The Transformers franchise continues, and the second instalment was good, but there was an air of confusion for many fans of the series because of it not having the gripping story progression that they were hoping for. But, when it comes to Michael Bay’s Transformers cinematic series, it is less about complex storytelling and more-so about the tense action between the good and bad transformers, and these CGI battles are epic. There is always going to be a cynical in audiences for big-budget silver screen projects, but this is the king franchise for plain and simple dumb-fun entertainment.
CGI entertainment was clearly one of the better functions of the DreamWorks studio, and the action foretold within the second and third instalment for the Michael Bay Transformers series was an astonishing foot forward for the CGI fantasy movie scene. DreamWorks very rarely get credit given for their works outside of animated feature films, but the Transformers trilogy clearly proved than DreamWorks were a spectacular movie studio at grappling the art of CGI movie storytelling.
Transformers Fall From Grace
The Transformers franchise has been blowing the socks of audiences around the world for a whole trilogy set of instalments, and they were only improving upon there appeal to the wider audiences. The final of the thee instalments to star the lead actor, Shia LaBeouf, titled Transformers: Dark of the Moon was released in 2011, and grossed more than $1.1 billion worldwide.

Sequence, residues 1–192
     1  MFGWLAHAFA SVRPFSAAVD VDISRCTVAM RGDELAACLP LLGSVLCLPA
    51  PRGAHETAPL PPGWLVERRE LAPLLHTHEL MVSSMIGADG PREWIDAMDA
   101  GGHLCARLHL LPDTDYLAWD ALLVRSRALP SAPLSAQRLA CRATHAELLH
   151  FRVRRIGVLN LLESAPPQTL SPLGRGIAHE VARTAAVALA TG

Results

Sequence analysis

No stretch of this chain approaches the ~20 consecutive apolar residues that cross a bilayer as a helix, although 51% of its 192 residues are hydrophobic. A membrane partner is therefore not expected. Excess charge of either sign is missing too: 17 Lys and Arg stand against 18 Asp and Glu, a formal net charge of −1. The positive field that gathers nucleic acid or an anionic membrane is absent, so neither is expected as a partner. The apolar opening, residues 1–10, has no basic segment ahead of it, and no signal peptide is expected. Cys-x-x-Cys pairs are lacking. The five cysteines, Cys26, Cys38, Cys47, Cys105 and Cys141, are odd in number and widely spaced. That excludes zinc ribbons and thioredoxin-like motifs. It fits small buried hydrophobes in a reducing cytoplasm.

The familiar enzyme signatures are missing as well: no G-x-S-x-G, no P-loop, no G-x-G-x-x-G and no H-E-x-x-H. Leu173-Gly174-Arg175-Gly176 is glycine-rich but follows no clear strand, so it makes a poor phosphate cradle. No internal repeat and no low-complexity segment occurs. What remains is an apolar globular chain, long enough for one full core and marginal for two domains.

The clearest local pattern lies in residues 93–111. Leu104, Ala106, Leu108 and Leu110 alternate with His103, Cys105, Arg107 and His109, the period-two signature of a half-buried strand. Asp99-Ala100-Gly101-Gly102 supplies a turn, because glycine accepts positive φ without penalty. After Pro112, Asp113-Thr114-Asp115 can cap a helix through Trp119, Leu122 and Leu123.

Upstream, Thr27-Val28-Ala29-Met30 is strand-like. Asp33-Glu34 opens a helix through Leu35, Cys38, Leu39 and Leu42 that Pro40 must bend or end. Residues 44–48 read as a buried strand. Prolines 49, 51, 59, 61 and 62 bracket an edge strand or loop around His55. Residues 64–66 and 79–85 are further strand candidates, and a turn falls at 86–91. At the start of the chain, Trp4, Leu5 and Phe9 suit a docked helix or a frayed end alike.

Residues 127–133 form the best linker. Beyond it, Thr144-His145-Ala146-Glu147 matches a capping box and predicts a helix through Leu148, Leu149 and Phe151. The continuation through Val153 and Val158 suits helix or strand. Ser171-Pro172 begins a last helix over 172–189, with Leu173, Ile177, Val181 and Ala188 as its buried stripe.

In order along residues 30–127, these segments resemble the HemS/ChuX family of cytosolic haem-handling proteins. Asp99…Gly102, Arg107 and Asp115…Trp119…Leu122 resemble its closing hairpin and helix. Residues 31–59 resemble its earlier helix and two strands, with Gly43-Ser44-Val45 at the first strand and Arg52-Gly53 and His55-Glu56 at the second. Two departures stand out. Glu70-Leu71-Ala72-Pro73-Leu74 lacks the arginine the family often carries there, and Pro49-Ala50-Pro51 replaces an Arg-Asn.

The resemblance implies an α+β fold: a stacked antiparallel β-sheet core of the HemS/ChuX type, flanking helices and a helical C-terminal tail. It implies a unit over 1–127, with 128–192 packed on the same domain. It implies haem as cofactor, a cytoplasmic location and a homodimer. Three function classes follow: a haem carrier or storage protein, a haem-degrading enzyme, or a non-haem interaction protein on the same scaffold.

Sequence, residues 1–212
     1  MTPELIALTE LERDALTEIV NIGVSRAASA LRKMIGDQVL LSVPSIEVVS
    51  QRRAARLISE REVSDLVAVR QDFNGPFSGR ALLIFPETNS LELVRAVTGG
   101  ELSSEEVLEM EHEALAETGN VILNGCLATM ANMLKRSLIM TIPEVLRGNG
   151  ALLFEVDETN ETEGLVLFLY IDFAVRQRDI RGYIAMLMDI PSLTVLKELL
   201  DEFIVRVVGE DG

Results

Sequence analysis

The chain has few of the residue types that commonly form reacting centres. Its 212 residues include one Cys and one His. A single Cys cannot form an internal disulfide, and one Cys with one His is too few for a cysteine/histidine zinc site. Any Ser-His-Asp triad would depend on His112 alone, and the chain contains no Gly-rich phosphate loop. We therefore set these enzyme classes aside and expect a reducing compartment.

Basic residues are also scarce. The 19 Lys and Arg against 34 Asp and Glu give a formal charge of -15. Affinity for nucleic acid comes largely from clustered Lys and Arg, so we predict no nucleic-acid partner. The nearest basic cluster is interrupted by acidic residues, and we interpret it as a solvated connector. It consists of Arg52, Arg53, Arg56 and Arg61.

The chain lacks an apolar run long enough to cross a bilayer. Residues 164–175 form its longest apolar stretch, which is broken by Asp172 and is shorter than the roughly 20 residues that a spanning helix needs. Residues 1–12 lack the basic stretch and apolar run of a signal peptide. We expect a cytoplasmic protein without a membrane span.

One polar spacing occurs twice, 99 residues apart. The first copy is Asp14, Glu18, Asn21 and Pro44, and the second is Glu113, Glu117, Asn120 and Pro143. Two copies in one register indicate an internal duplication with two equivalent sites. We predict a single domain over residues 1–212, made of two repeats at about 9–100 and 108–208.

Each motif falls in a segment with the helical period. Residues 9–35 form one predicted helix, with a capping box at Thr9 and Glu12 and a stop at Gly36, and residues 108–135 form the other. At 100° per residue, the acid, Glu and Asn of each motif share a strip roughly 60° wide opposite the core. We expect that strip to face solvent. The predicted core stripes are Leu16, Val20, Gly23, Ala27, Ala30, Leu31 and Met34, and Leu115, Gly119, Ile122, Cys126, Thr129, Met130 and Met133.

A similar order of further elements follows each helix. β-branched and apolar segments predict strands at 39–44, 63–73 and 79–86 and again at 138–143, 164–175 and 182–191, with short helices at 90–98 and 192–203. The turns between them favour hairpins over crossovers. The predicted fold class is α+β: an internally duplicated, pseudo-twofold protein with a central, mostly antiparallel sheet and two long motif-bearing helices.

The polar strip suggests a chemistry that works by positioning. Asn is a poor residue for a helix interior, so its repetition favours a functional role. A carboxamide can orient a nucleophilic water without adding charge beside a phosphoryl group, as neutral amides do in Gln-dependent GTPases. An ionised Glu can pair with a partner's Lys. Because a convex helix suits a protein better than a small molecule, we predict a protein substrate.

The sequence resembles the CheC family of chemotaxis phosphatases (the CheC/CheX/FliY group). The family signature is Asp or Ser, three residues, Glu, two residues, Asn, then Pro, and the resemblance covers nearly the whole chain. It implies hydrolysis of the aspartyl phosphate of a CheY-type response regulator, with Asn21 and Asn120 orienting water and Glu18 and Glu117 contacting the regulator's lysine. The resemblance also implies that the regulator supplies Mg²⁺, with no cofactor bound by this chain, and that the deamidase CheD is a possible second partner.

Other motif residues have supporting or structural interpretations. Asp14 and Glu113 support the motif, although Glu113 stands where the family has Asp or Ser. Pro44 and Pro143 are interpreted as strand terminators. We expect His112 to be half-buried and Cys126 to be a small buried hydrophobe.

And, as it turned out Michael Bay and the producers for the fourth Transformers instalment decided that it might be time to move away from the focus on the Sam Witwicky character, and so Shia LaBeouf stepped aside to allow a new story to be told through the eyes of the new lead character Cade Yeager, played by Mark Wahlberg. This comes at a time when Mark Wahlberg has become one of Hollywoods favourite A-list actors, especially amongst the action/comedy genres, and so it made for a swift transition to the Transformers franchise, as a part of the action/CGI genre.
The Transformers fourth instalment titled Transformers: Age of Extinction had some fun ideas to work with, and the launch trailer prompted potential audiences for the marketing efforts that there would be dinosaur transformers from a time long forgotten. Children would have been the first to draw their attention to this revelation, but the Transformers franchise was still on a box office high after the previous success of the third instalment for the franchise, “Dark of the Moon”. Only, now there is a new CGI storytelling team after DreamWorks step away from the franchise, and this does not seem overly concerning given than audiences would have little-to-no clue about this fact behind the movies making. Although, it was still directed by Michael Bay, and now starred the Hollywood attraction icon, Mark Wahlberg, as the lead in the movie. This sounds like a perfect dumb-fun movie, and it was. The loss of Shia LaBeouf (having played Sam Witwicky for three Transformers instalments) was felt, but the majority of audiences were not overly concerned with the exiting of the actor, mostly due to his media outbursts - including wearing a paper bag over his head at a red carpet event, and also sitting in a room with fans lining up to speak to him whilst he sat there saying nothing (a Hollywood cry for help, maybe?). The movie grossed over $1.1 billion worldwide. Now, that’s the sign of a thriving movie franchise.